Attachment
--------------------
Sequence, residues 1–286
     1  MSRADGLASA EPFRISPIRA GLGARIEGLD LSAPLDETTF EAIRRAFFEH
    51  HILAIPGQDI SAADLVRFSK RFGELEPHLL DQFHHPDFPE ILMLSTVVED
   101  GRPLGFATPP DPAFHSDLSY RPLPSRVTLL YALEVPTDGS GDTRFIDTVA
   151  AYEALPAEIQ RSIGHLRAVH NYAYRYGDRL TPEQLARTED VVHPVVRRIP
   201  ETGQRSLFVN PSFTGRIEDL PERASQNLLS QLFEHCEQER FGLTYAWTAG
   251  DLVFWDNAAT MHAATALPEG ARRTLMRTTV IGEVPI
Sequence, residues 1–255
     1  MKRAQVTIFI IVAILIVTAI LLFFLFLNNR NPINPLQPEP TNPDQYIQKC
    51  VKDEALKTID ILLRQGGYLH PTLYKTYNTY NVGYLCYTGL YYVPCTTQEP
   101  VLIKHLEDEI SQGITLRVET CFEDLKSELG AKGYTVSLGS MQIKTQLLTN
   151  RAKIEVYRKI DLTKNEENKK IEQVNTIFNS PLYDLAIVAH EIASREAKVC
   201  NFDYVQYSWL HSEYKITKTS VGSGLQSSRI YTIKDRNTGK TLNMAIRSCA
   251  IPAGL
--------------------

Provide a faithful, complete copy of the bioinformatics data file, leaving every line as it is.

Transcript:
Sequence, residues 1–286
     1  MSRADGLASA EPFRISPIRA GLGARIEGLD LSAPLDETTF EAIRRAFFEH
    51  HILAIPGQDI SAADLVRFSK RFGELEPHLL DQFHHPDFPE ILMLSTVVED
   101  GRPLGFATPP DPAFHSDLSY RPLPSRVTLL YALEVPTDGS GDTRFIDTVA
   151  AYEALPAEIQ RSIGHLRAVH NYAYRYGDRL TPEQLARTED VVHPVVRRIP
   201  ETGQRSLFVN PSFTGRIEDL PERASQNLLS QLFEHCEQER FGLTYAWTAG
   251  DLVFWDNAAT MHAATALPEG ARRTLMRTTV IGEVPI
Sequence, residues 1–255
     1  MKRAQVTIFI IVAILIVTAI LLFFLFLNNR NPINPLQPEP TNPDQYIQKC
    51  VKDEALKTID ILLRQGGYLH PTLYKTYNTY NVGYLCYTGL YYVPCTTQEP
   101  VLIKHLEDEI SQGITLRVET CFEDLKSELG AKGYTVSLGS MQIKTQLLTN
   151  RAKIEVYRKI DLTKNEENKK IEQVNTIFNS PLYDLAIVAH EIASREAKVC
   201  NFDYVQYSWL HSEYKITKTS VGSGLQSSRI YTIKDRNTGK TLNMAIRSCA
   251  IPAGL